Researchers combined functional magnetic resonance imaging (fMRI) with the behavioral task. Participants’ blood oxygen level-dependent (BOLD) variables were examined through moderated mediation analysis, capturing a relationship between brain activity and multiple levels of performance, and testing whether the mediation is different for conditions of agreement and disagreement. When participants learned their partners agreed with their opinions, they significantly increased their bets, thus confirming they were confident with their decision. Participants only slightly decreased their wagers when their partners disagreed. The impact of the partner’s opinion was far greater when it confirmed the player’s judgment, and the partner’s opinion was more likely to be disregarded when it was contradictory — consistent with confirmation bias. The functional brain imaging data revealed a region whose activity modulation was associated with decision-making and memory. The posterior medial prefrontal cortex mediated the strength of confirming opinions over disconfirming opinions, and tracked agreements more closely than disagreements.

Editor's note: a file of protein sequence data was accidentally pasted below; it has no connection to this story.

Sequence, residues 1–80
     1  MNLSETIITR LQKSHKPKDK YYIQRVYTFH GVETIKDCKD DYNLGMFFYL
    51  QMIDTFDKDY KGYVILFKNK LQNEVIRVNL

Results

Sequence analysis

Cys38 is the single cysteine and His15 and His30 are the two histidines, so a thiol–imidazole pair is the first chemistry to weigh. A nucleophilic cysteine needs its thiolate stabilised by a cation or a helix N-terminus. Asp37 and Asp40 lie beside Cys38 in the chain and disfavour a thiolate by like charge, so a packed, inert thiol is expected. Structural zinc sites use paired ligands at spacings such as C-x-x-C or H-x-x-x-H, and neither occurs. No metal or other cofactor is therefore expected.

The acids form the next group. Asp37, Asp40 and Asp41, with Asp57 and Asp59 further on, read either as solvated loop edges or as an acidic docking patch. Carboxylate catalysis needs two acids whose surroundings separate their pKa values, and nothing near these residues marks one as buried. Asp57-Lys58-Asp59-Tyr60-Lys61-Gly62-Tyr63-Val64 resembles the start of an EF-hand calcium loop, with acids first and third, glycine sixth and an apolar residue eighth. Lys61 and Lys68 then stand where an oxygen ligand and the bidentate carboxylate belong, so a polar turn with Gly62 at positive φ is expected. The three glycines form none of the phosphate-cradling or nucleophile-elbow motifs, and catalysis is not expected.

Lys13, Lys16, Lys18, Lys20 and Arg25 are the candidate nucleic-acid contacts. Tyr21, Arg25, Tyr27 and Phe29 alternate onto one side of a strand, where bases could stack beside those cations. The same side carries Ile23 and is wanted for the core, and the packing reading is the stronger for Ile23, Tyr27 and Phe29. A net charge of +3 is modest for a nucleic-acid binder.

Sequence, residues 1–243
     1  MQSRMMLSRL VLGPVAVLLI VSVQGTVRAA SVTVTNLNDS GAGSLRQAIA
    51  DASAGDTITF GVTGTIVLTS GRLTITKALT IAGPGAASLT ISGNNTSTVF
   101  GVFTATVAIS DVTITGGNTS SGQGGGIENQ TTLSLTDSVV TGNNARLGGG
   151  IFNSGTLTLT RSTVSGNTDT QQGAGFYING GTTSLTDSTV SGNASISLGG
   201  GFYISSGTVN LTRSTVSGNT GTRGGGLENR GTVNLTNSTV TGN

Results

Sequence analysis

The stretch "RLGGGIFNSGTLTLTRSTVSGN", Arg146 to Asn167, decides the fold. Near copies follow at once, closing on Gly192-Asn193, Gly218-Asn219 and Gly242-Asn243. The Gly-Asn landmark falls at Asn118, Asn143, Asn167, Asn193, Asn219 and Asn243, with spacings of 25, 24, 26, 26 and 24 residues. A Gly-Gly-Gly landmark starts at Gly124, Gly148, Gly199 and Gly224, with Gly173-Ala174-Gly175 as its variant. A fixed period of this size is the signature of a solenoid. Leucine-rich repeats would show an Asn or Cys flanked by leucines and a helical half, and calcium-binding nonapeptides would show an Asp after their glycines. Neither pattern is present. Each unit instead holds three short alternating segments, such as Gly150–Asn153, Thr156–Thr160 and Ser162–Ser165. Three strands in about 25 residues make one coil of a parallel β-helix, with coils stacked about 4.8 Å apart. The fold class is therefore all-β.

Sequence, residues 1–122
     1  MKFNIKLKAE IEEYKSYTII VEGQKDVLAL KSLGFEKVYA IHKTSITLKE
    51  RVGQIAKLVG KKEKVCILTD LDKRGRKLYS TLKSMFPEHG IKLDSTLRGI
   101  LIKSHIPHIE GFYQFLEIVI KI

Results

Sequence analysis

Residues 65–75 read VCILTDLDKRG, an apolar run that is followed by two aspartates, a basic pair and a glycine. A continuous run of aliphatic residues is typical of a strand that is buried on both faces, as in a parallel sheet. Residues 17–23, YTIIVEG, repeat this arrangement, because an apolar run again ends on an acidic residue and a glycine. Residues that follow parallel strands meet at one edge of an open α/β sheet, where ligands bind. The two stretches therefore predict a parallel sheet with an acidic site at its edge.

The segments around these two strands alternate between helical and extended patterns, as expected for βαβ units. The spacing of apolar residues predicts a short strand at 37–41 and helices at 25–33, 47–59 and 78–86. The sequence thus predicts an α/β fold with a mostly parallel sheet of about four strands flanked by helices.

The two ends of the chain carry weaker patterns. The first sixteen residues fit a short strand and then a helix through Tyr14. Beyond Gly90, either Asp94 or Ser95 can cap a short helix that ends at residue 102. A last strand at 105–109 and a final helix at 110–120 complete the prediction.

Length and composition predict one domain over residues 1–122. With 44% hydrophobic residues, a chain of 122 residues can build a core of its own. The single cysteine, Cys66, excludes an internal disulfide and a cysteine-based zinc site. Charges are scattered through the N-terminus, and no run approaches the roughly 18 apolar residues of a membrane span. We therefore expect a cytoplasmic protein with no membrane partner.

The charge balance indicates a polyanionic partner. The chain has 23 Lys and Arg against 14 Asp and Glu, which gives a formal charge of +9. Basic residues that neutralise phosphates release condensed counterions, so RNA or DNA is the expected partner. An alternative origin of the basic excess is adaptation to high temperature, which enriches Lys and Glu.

One of my favorite success stories is a lady that had gone through Coburn Place as a resident, which means she was abused and needed to find shelter for herself and her children. We were doing our Holiday Home party where we provide Christmas trees, ornaments and other holiday decorations to the residents to have for their apartments. She came in with a pink t-shirt, her hair was pink and she came up to me asking for pink lights for her Christmas tree. She had a great smile and her positive attitude was contagious. I asked her why she wanted pink lights and she said her cancer was gone and she wanted everything to be pink for the Holidays. For any person to have gone through what she did and to have that positive attitude and outward happiness to me, defines success. ... Focusing on what we know about our industry and using it to educate the next generation through their teachers will provide more connection between what the kids are learning and a potential career in technology.